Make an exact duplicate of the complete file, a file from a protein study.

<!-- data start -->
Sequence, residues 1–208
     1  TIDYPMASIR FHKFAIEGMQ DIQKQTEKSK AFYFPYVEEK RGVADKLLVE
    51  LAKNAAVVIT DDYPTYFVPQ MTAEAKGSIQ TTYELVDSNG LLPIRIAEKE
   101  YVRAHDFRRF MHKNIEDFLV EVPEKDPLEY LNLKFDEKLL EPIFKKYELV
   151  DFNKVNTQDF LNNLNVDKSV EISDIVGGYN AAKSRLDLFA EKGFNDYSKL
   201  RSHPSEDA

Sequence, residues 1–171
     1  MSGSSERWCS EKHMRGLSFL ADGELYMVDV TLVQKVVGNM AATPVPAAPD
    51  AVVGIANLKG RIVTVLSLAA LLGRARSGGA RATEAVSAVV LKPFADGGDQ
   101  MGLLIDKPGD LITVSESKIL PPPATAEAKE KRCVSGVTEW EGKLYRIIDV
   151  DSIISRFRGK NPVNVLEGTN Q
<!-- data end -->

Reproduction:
Sequence, residues 1–208
     1  TIDYPMASIR FHKFAIEGMQ DIQKQTEKSK AFYFPYVEEK RGVADKLLVE
    51  LAKNAAVVIT DDYPTYFVPQ MTAEAKGSIQ TTYELVDSNG LLPIRIAEKE
   101  YVRAHDFRRF MHKNIEDFLV EVPEKDPLEY LNLKFDEKLL EPIFKKYELV
   151  DFNKVNTQDF LNNLNVDKSV EISDIVGGYN AAKSRLDLFA EKGFNDYSKL
   201  RSHPSEDA

Sequence, residues 1–171
     1  MSGSSERWCS EKHMRGLSFL ADGELYMVDV TLVQKVVGNM AATPVPAAPD
    51  AVVGIANLKG RIVTVLSLAA LLGRARSGGA RATEAVSAVV LKPFADGGDQ
   101  MGLLIDKPGD LITVSESKIL PPPATAEAKE KRCVSGVTEW EGKLYRIIDV
   151  DSIISRFRGK NPVNVLEGTN Q